O Castelo e a Graça

A Brief History of Lisbon

Lisbon was born in the Castelo (Castle) Hill. The Romans fell in love with her and gave her a heroic paternity: Odysseus (the one from Odyssey!), the mythical Ulysses of the Romans, who on the return from the Trojan War would have passed by the Tagus River and there founded Olissipo (the Town of Ulysses’ Horses). Thus, Lisbon was born.

Of course, with a little imagination, we notice that the Castle Hill is a place with steep slopes, easy to defend, a fertile land, plenty of fresh water and a river rich in fish: a paradise on earth for Mankind. Upon arrival, the Phoenicians also found here a safe haven for their ships which they called Alis Ubu.

Thus, Lisbon was born and subsequently grew with Phoenicians, Lusitanians, Carthaginians and Romans. In the second century, Lisbon was an imposing town of the Roman Empire, built in the Lusitania Province, with its Forum, Theatre and Hippodrome. At a time when the world was very small, Lisbon was the last town of the Roman World and then ...... came the Barbarians!

In the year 410, Rome was conquered by the Ostrogoths and in 411 the Alans became the new masters of Lisbon. Then came the Vandals, the Swabians and the Visigoths. Over a period of about 300 years Lisbon lived of past glories and its great public buildings fell in ruins.

711 in Gibraltar saw the rise of the new masters of the peninsula. The Moors were here! Very quickly they conquered almost the entire peninsula., Lisbon became Moorish and for more than 400 years was known as Al-Ushbuna.

The year was 1147 and an armada of Crusaders has just reached Porto on the way to the Holy Land. Dom Afonso Henriques, the young king of the Portuguese asks the Bishop of Porto to convince the crusaders that Paradise is to be found in Lisbon as well as in the Holy Land!  …. Moreover, they could loot the town for 1 day!!!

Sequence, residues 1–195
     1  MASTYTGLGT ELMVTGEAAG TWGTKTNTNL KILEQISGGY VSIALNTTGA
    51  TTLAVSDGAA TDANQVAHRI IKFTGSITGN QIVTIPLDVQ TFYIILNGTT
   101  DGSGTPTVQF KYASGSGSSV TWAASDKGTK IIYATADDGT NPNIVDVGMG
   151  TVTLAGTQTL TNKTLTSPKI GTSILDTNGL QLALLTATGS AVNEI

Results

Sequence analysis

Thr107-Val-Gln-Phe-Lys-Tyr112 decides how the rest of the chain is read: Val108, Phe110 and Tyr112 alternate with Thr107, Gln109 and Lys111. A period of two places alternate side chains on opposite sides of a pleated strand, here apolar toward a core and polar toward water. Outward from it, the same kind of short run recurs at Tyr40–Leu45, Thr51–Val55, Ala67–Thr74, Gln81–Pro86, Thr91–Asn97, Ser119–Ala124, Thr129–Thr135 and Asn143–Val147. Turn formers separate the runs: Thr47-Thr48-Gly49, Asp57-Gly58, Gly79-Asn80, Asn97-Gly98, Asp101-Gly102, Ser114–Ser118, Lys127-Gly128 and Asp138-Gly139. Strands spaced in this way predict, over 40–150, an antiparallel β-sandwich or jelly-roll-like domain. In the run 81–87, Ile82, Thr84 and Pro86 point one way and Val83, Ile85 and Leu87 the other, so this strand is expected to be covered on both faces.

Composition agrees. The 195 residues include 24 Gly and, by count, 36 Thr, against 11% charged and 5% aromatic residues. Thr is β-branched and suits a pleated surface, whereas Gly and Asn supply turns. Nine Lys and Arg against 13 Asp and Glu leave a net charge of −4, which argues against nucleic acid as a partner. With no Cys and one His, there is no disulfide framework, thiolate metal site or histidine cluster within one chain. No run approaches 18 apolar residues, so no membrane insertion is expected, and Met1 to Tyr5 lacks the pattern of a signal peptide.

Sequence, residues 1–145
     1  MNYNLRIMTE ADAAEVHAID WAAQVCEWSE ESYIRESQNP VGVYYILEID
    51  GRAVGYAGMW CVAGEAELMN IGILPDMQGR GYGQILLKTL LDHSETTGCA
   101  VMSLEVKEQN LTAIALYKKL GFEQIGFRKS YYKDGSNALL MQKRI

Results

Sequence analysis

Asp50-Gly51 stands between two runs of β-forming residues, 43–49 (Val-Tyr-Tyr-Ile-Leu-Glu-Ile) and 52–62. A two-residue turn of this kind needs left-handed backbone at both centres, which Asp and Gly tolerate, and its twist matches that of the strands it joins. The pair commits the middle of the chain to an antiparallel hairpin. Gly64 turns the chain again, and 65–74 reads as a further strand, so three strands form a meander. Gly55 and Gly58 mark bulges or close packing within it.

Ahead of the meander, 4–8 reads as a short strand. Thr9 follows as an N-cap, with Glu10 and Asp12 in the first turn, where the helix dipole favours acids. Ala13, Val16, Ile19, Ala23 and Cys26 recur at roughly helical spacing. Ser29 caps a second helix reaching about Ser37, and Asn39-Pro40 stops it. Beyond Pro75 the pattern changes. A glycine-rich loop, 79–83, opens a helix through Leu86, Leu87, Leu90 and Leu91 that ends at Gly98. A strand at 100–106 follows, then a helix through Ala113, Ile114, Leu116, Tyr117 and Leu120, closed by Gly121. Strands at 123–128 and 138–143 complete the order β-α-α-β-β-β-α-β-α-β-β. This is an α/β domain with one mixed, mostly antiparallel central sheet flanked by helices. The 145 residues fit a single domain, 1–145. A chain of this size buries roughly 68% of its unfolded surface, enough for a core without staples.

On July 1, Lisbon is besieged. The Crusaders gather in Bairro Alto and the Portuguese in Graça: even today, São Vicente de Fora marks the place where the Portuguese encamped. From October 21, onwards, Lisbon becomes Portuguese. The conquest of Lisbon gives Portugal the desired economic independence and today its achievement is remembered as one of the castles of the national flag.

The years pass and it is already in the 14th century that Lisbon once again marks the history of Portugal. Two brothers: Dom Fernando and Dom João will leave their mark in Lisbon. With Dom Fernando, Lisbon sees the growing of a magnificent wall with 46 gates and 77 towers - all the inhabitants of Lisbon and its surroundings worked on its construction and in just two years the works were finished and soon would be tested. As early as 1384, the King of Castile tries to conquer Lisbon and after more than four months his army is defeated at the walls of Dom Fernando, without ever being able to get in and suffering heavy casualties.

With Dom João Lisbon grows and starts looking at the rest of the world. It’s from Lisbon that in 1415 the Armada departs on its way to conquer Ceuta and this marks the beginning of the expansion of Portugal. In 1493 Christopher Columbus returns to Lisbon coming from "Cuba", thinking that he had arrived in Japan. In 1499, Vasco da Gama returns in glory having opened the way to the riches of the East, making Lisbon the capital of the world in the sixteen century. From Lisbon emanates a power and a will that extends from Brazil through Africa, India and reaching Timor. From Lisbon embassies depart with elephants, rhinos and other exotic animals to show the Pope and the rest of Europe how far Lisbon and Portugal had arrived.

Lisbon became grandiose, embellished by churches and tile covered palaces. But on November 1, 1755 a massive earthquake strikes Lisbon, causing destruction and a huge fire. The people run to   the Tagus looking for protection, but on this day, there is no shelter: From the river, a giant wave strikes down the city. The medieval and Renaissance Lisbon died on that day. In its place the Marquis of Pombal will create the perfect town for the future, with major streets opening to large squares. It’s at this time that the present downtown of Lisbon is born, grounded between Rossio, Praça da Figueira and Praça do Comércio. The Castle Hill suffers a lot with the earthquake, but much survives to the present day, including the typical Arab layout of the streets and several buildings.

Time moves on and in the 19th century Lisbon receives the undesired visit of Junot and the Napoleon's army. In Lisbon, at the hands of the Anglo-Portuguese army led by the Duke of Wellington, Napoleon will suffer one of his major defeats.